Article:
Depends really what you are looking for - I think I am getting very good value for my money. There are a lot of ways of going to China: teaching English for money or going to one of the State Universities to study. However I was told (and after having been in China and studied Mandarin, I can confirm this) that if your aim is to really learn Mandarin neither of which are going to get you there.

Teaching English is fun and cheap - but I do not know a single person who teaches English in China and can speak Mandarin even up to beginner intermediate level, unless they stopped teaching and actually took a real course, even though many have been there for years and pretty much all try to learn Mandarin.

For studying at a state university, I never tried, but have two friends who are doing this here right now and neither recommended it for learning Chinese. Big classes (15 people per class), not very motivated teachers (communist civil servants), rote memorization (thats how Chinese traditinally learn things) and a mainly English speaking environment, with zero immersion (foreign and Chinese students are not allowed to live or have classes in the same building). After 1.5 years they are about at the same level that we are at now (after 5 months). Overall both have spent a lot more money to get to the same Chinese level as I did - not taking into account the time lost.

So, I would say it depends on what you want. If you just want to hang around China and have a good time, teaching English is a good choice as you can actually earn money. If you want to hang around China and learn a little bit of Mandarin, but do not care about becoming fluent and are ok to live in a very non-Chinese environment, a university is a good choice.
If you have a year and really want to learn Mandarin, then a program like I am doing is what I would recommend. I get a lot of surprised looks from Chinese and foreigners here when they hear me speaking Chinese and I tell them how long I have been here (though not fluent yet :zipsmile.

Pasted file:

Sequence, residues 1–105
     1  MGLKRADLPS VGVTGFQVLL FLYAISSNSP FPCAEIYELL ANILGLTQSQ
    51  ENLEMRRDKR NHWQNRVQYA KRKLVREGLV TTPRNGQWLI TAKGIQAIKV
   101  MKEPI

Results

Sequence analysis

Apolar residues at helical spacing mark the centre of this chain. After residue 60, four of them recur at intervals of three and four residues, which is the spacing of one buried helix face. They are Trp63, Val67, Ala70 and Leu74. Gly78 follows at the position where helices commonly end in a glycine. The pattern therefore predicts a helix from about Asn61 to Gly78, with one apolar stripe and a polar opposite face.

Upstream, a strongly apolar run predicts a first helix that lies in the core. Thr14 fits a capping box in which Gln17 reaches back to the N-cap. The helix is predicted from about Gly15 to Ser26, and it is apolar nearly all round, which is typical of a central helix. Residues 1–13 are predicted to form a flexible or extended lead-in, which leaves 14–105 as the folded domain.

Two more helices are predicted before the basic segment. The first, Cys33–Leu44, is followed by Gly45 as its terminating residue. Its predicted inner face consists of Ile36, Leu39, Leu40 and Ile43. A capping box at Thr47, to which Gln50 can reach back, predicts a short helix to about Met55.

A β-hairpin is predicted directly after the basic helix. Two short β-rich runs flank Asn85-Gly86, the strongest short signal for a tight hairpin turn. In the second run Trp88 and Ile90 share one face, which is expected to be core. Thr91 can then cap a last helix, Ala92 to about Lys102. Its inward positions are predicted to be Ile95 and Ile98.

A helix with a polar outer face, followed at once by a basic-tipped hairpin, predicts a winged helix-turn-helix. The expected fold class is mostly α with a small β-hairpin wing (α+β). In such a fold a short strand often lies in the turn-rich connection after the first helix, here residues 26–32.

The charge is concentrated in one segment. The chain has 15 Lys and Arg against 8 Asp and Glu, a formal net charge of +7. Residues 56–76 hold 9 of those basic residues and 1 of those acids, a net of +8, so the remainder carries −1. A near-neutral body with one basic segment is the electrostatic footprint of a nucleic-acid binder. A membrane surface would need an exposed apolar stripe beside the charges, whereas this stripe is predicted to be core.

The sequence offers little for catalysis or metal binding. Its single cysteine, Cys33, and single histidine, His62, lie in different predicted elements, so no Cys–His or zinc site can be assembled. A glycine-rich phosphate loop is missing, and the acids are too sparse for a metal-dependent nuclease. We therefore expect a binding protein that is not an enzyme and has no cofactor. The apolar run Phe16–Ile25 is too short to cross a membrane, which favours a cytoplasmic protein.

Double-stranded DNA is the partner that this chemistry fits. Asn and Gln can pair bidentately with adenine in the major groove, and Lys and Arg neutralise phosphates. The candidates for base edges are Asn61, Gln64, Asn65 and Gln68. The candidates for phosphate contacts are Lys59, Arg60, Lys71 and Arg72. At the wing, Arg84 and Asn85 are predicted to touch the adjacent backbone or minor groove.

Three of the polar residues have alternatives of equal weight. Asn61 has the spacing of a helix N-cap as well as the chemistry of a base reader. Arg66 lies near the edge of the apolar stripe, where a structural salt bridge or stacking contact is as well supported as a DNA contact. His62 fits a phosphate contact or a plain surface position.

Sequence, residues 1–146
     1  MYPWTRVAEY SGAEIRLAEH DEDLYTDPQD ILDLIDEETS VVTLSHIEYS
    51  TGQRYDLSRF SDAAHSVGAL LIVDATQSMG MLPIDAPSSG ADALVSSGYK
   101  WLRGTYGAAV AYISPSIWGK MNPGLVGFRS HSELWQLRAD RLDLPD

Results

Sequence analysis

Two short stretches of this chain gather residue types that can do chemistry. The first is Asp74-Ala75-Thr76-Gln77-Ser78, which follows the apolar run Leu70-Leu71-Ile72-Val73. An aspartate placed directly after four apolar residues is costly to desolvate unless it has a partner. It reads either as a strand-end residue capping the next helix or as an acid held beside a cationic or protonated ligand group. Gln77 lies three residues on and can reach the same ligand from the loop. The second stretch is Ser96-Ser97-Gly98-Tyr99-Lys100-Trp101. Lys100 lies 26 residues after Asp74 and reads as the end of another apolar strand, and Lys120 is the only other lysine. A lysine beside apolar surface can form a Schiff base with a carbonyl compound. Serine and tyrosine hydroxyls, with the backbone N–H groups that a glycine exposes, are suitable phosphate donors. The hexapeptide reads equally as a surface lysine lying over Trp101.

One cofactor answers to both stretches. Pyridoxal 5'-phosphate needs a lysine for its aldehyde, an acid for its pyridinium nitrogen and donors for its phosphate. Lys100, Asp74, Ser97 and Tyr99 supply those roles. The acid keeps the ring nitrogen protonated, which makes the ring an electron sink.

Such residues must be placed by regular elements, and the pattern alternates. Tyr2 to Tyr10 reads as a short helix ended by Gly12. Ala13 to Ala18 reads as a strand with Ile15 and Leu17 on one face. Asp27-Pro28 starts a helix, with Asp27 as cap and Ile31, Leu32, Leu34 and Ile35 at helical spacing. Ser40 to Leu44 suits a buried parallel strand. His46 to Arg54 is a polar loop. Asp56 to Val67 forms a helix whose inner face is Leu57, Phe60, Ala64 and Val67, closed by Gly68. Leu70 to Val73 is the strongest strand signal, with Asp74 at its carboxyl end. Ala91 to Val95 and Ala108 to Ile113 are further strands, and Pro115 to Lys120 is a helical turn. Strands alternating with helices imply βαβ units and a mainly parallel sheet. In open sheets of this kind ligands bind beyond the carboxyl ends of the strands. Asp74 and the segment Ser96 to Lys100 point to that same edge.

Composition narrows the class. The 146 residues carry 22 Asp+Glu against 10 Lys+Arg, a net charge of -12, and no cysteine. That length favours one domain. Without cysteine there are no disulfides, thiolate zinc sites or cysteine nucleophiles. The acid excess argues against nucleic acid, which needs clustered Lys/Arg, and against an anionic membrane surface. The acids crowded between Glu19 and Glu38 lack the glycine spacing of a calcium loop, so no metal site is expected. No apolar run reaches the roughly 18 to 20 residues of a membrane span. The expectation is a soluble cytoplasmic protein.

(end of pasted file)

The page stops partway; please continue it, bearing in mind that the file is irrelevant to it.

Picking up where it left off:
My aim is to be able to be fluent enough to work in Mandarin only when I start my internship in three months (after 8 months of studying) and I think I have a chance of getting there - several of the people I met at the school who did a similar program managed to as well, so I guess I should be able to as welltongue rolleye
I did a Chengde/Beijing immersion because spending a thousand GBP more or less was not my main point. My main aim was (and is) to be fluent in Mandarin after this year (I do not have more time, as I will start uni afterwards), as I believe that knowing Mandarin at a business level will be worth more on the job market. They have cheaper courses in Beijing too (http://www.livethelanguage.cn/learn-chinese-beijing/semester-program/), but I think if you want to become fluent, after a while you need to get out of the big city and go where the “real Chinese” live (and nobody speaks English).
Also the whole thing is a lot of fun and I enjoy living in a Chinese family as opposed to a foreign student dorm where the only Chinese you ever meet are the cleaners - but that’s just my opinion.

@Garrybliss123: Completely agree. Starting out in Beijing worked well for me to settle into China - I am not sure if going straight into the country would have been much fun when I got here first. Will head to Chengde soon and I am told nobody speaks English theregrin